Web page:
March 8, 2010

Just in time for winter-weary Mainers: The 2010 Portland Flower Show.

By Tom Atwell
Staff Writer

(Continued from page 1)

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This 2008 display for the “Urban Retreat” show was the creation of Cozy Acres Greenhouse of North Yarmouth.

2008 Press Herald file

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Estabrook’s display from last year. This year, people will see a lot of what they liked in the past, says director Jan Love. “I think people come specifically to see the gardens,” she said. “...Winter is a struggle for a lot of people. Then you have the smell of the flowers and the mulch, the sound of the water, and you can see spring coming.”

2009 Press Herald file

Additional Photos Below


WHERE: Portland Company Complex, 58 Fore St.

WHEN: Preview is 6 to 9 p.m. Wednesday. Show runs 10 a.m. to 6 p.m. Thursday-Saturday and 10 a.m. to 5 p.m. March 14.

AUCTION: The Cumberland County Master Gardener auction of plants begins at 5:30 p.m. March 14. A silent auction will be held 12:30 to 2:30 p.m. March 14.

CHILDREN’S GARDEN: Located on the second floor, the children’s garden will include a scavenger hunt and craft activities.

HOW MUCH: Advance tickets are $13 ($12 for seniors) at Hannaford stores, Skillins, Allen Sterling & Lothrop, O’Donal’s, Estabrook’s, Kennebooks, Sawyer & Company and Moody’s Garden Center. Tickets at the door are $15. Opening-night tickets are $30 in advance and $40 at the door.


All of this can get expensive.


Estabrook said he will probably begin forcing plants that cost $6,000 or $7,000 before taking into account greenhouse and labor expenses. The costs of creating a garden for the flower show rise from there.

“I would say with forced plant material and hardscape and fencing, we typically spend upward of $30,000 for us to do the show,” he said.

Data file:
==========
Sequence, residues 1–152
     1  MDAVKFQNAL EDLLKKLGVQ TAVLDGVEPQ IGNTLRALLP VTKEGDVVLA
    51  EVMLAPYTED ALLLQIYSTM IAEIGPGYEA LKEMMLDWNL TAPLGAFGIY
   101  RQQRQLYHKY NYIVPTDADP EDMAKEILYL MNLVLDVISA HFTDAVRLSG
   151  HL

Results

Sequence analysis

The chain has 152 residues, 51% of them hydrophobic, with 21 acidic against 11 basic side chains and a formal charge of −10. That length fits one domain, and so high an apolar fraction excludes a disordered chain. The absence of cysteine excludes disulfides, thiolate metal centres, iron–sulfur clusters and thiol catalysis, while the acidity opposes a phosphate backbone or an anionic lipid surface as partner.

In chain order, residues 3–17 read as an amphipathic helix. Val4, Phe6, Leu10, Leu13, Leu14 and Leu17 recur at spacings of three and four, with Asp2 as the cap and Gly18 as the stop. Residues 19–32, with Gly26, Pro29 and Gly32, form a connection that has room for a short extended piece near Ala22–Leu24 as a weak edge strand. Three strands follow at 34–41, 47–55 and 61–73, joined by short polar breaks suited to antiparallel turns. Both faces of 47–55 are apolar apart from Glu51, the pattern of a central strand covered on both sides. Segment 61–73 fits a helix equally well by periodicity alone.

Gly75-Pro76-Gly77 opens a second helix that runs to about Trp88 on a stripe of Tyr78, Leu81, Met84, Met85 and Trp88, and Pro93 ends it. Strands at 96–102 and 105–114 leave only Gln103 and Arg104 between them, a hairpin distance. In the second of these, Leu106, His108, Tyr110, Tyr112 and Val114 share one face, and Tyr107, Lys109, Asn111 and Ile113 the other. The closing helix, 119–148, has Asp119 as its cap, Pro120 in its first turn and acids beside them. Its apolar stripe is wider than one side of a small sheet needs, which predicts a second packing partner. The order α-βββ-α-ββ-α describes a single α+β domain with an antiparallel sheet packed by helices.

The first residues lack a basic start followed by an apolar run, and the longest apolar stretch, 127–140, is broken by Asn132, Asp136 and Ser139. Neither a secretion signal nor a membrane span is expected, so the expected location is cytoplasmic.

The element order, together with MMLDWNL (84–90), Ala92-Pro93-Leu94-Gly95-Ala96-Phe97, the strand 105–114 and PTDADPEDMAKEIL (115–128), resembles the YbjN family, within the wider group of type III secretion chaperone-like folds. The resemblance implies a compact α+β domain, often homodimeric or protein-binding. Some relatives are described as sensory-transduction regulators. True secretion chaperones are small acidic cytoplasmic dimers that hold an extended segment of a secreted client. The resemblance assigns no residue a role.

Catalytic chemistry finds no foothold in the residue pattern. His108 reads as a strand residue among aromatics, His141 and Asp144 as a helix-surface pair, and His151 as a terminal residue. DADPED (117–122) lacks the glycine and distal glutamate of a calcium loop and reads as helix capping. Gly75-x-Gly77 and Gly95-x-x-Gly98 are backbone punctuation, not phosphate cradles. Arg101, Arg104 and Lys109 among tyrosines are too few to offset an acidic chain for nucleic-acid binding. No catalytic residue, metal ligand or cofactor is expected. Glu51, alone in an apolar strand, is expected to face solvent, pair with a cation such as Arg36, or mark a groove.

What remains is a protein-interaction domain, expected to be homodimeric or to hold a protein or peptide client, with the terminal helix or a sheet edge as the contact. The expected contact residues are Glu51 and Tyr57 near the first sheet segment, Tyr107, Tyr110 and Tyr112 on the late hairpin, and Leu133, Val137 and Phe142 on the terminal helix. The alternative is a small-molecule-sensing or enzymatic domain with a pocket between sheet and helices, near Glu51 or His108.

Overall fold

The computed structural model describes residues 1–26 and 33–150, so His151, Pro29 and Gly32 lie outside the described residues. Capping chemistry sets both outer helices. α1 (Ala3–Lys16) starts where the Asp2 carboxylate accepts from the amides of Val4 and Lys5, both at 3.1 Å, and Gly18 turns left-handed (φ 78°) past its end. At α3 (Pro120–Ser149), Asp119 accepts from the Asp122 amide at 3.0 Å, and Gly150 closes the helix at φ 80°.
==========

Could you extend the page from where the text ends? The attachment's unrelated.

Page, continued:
“This includes staffing the show and the week before to set up and the week after to take down.”

The expense is factored into the company’s marketing, especially now that Estabrook has stores in Scarborough and Kennebunk to go with the original one in Yarmouth.

But the expense also is part of the reason more companies are teaming up to put together gardens for the flower show.

Marstaller’s company deals in wholesale, and while he does have a vending booth at the flower show, he thinks it helps his wholesale business as well.

“We overload our garden with color because that is what we sell,” he said. “I think people like that. We don’t do woodies, because we don’t sell those.”

It is hard to measure if the show helps Marstaller’s wholesale business.

However, he knows that some of the people doing rock work and other hardscaping can come away with a list of up to 50 names of people interested in having work done at their homes.

Love thinks the show will have good attendance this year. Last year, there weren’t flower shows in Boston or Bangor, and the Portland show had paid attendance of 14,997.

The Boston and Bangor shows have come back this year, but both are smaller than they were in the past.

“Maybe people liked enough of what they saw last year that they will come back this year,” Love said.

Staff Writer Tom Atwell can be contacted at 791-6362 or at:

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Additional Photos

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This is the 2009 best-in-show garden by O’Donal’s Nursery and Landmarc’s Inc. landscapers. The theme for 2009 was “From the Mountains to the Sea.”

2009 Press Herald file

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Daffoldils and tulips in an Estabrook’s display at last year’s Portland Flower Show.


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